June 14 (Bloomberg) -- Telefonica Czech Republic AS is “optimistic” the nation’s telecommunications regulator will amend disputed rules for a radio-spectrum auction before bidding begins in July, Chief Executive Officer Luis Malvido said.
The Czech units of Telefonica, Vodafone Group Plc, and T-Mobile have criticized the auction draft, saying it would hurt their business by allocating two of six blocks of 800 megahertz frequencies to a new provider and allowing it alone to bid for the remainder as well. Providers need to control at least two blocks to ensure good service, meaning at least one of the current companies would lose out.
“It’s difficult to imagine that these conditions that were so far only drafted would be confirmed,” Malvido said in an interview yesterday in Bloomberg’s Prague office. “So, I’m really optimistic that there will be some changes. This is about our rights and they’re not negotiable.”
The Czech Telecommunication Office proposed in April new terms for the spectrum auction, after unexpectedly canceling the previous tender on March 8 after four months on concern the bids, which totaled to 20 billion koruna ($1 billion), were “excessive, ” and would result in higher prices for customers and slow investment in the domestic industry.
PPF Group NV, a Czech financial group, which also bid in the failed auction, has said its auction participation depends on keeping some of the regulator’s proposed terms including reserving the two blocks for the newcomer or obliging existing operators to provide roaming in 2G and 3G networks to the new entrant.
Malvido declined to say what concrete steps Telefonica would take in case the authority refuses to change the proposed rules for the sale.
“I prefer not to speculate on what we will do if they’re confirmed,” he said. “They’re just a draft, which was done by the previous authority.”
The Czech Telecom Office plans to announce its response to the objections received during the public consultancy period for the drafted rules by June 24 and the auction should start in July, spokesman Frantisek Malina said by phone.
The government yesterday approved the regulator’s intention to bring at least one new operator to the country through the auction, Hospodarske Noviny said.
Operators across the globe are rushing to build faster mobile networks based on Long Term Evolution, or LTE, technology that will enable consumers to use enhanced services to shop online and to communicate better.
The initial costs for building such a network in the 800 MHz band, a frequency needed to blanket wider areas, would be between 5 billion koruna ($260 million) to 10 billion koruna, in addition to the spectrum purchase costs, Malvido estimated. The final costs would also depend on negotiations with vendors and the position on the market, he said.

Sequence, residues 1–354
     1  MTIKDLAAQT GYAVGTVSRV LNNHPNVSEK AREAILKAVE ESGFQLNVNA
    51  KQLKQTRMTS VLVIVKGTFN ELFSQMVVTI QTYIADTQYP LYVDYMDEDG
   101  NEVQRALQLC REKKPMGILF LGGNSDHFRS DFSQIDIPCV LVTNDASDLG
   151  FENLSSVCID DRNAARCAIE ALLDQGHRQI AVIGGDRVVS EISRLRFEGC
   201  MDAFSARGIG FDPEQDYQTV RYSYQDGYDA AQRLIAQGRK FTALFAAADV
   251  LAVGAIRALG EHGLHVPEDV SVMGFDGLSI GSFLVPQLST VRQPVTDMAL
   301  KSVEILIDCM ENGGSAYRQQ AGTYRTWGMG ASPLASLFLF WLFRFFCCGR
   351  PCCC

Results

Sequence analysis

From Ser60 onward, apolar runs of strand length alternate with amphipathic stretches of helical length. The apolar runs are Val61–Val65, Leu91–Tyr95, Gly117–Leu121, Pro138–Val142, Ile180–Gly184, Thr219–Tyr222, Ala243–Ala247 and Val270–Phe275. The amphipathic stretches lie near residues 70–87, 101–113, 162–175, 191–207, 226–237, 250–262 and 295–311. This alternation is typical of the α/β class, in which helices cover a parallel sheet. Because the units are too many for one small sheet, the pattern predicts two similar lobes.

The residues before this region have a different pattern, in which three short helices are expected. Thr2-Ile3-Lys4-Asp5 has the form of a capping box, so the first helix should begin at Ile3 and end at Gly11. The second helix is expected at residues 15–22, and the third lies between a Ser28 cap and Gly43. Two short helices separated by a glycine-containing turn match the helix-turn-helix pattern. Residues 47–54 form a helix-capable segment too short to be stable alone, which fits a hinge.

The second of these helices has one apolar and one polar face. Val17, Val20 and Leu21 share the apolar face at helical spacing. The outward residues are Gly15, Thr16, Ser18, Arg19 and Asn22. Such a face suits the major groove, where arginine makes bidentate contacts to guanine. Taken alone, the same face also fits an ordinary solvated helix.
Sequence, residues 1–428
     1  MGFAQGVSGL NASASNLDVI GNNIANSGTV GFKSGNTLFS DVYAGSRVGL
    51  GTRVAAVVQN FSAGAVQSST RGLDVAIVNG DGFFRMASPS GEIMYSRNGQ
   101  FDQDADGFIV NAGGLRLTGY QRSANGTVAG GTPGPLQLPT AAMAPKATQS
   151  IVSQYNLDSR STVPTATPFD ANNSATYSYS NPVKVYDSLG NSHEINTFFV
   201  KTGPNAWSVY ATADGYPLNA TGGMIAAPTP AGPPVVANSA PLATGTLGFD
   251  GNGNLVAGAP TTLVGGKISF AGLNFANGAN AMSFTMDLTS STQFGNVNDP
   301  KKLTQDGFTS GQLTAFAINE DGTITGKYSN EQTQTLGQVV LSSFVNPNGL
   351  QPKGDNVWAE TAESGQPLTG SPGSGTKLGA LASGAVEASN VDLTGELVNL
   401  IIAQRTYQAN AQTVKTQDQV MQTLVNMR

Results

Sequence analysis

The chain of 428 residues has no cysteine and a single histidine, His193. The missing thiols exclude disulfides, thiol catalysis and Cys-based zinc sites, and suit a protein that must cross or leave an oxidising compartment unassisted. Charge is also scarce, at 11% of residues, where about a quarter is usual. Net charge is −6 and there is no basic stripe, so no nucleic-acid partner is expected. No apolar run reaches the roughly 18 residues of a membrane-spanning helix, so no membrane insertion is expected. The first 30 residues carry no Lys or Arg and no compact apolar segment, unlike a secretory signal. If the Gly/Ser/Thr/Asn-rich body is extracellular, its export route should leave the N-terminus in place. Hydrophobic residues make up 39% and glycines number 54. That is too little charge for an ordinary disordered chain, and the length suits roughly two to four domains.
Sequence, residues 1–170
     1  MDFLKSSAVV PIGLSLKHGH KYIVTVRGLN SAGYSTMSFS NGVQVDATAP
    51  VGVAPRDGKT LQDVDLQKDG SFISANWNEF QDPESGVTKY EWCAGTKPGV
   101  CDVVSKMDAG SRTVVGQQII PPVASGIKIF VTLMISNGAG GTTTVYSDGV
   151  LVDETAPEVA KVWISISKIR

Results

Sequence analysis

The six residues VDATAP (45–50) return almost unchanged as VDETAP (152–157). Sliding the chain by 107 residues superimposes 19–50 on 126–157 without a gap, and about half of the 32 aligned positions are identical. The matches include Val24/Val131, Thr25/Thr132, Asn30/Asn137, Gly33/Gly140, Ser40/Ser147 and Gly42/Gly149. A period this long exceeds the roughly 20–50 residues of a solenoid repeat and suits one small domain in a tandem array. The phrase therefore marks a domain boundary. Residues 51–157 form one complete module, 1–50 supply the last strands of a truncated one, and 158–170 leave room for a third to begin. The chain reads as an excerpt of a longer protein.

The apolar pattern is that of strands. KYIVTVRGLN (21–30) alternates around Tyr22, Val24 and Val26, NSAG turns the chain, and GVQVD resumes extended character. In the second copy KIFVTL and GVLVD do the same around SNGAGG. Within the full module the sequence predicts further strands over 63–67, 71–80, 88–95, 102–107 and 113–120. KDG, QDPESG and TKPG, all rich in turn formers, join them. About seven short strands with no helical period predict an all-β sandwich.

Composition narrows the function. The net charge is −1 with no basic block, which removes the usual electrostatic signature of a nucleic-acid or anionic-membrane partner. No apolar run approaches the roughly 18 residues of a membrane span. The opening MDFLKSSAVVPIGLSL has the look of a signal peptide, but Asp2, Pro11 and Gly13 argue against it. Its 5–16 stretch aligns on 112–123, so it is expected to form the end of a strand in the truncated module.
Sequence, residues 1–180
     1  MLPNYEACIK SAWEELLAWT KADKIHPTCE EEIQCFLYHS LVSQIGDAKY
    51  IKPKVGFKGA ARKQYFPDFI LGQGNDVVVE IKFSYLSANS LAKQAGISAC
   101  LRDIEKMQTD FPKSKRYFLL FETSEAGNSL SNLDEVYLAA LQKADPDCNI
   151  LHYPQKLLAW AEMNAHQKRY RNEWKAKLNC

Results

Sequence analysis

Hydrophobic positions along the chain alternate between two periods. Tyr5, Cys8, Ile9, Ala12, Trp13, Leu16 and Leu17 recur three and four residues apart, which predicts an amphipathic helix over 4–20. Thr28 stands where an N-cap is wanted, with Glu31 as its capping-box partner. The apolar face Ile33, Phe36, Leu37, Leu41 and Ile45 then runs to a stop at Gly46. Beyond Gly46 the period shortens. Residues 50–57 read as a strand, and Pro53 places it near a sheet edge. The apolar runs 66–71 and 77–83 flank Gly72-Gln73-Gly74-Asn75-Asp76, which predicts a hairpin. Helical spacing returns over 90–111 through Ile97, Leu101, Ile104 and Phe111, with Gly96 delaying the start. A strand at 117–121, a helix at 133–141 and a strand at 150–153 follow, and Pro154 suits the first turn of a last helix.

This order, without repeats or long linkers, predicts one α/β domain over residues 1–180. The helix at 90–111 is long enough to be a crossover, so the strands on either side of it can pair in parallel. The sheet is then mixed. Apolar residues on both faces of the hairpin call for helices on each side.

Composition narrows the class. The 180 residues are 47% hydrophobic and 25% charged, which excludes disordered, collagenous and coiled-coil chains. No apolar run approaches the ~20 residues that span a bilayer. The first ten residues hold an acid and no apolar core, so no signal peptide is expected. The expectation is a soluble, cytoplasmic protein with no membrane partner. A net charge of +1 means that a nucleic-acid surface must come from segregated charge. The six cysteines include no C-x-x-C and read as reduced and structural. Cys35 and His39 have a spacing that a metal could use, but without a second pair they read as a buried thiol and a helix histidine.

“We believe that 800 MHz is very important to us but we’re not desperate, so if the auction goes against our rights, we believe that the chances of our participation are low,” Malvido said.
Telefonica and other operators have already started deploying LTE in big cities like Prague or Brno. Still, in a long-run, it would be difficult to compete against networks built using the 800 MHz bandwidth.
“We would be competitive at the beginning, but would suffer probably from 2016 to 2020 and have to wait for the next wave of technology,” Malvido said.
Telefonica Czech slashed prices and offered first-ever bundles of unlimited calls, text messages and some data in April. The company doesn’t expect a “huge” drop in revenue in the short term, even though some customers used the offer to cut spending.
“Of course, our revenue would drop at the beginning, but this will be partially already offset as some clients actually choose to spend more,” Malvido said.
Telecommunications companies in the country have been battling a steady decline in revenue over the last few years as customers continued to spend less on calls, competition and regulatory changes eroded prices.
Telefonica said on May that its first-quarter revenue declined 4.4 percent to 11.9 billion koruna from a year earlier. Net income fell to 1.05 billion koruna from 1.62 billion due to one-time costs linked to a business overhaul and a drop in spending on phone calls.
From about 300,000 clients who adopted the new tariffs since April, close to 60 percent reduced spending, while 40 percent chose to pay more for unlimited services. In the last few weeks, the trend is just the opposite as majority of people that choose flat fees are increasing their spending, Malvido said.
He wouldn’t provide details on how the flat fees would affect measures like margins, or average revenue per a user.
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